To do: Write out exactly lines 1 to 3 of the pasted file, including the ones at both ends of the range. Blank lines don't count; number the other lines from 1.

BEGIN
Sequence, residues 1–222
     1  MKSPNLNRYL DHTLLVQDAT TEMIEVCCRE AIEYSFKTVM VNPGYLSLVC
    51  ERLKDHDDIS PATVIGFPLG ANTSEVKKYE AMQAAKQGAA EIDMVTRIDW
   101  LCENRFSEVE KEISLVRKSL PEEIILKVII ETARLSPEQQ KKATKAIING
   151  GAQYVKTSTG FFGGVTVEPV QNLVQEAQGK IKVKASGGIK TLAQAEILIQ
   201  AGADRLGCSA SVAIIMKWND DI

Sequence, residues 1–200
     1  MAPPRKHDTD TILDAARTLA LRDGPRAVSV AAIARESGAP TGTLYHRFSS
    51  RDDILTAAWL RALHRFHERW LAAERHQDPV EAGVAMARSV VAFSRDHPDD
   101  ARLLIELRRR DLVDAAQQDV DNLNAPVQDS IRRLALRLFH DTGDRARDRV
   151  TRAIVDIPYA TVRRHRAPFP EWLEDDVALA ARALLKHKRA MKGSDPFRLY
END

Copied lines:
Sequence, residues 1–222
     1  MKSPNLNRYL DHTLLVQDAT TEMIEVCCRE AIEYSFKTVM VNPGYLSLVC
    51  ERLKDHDDIS PATVIGFPLG ANTSEVKKYE AMQAAKQGAA EIDMVTRIDW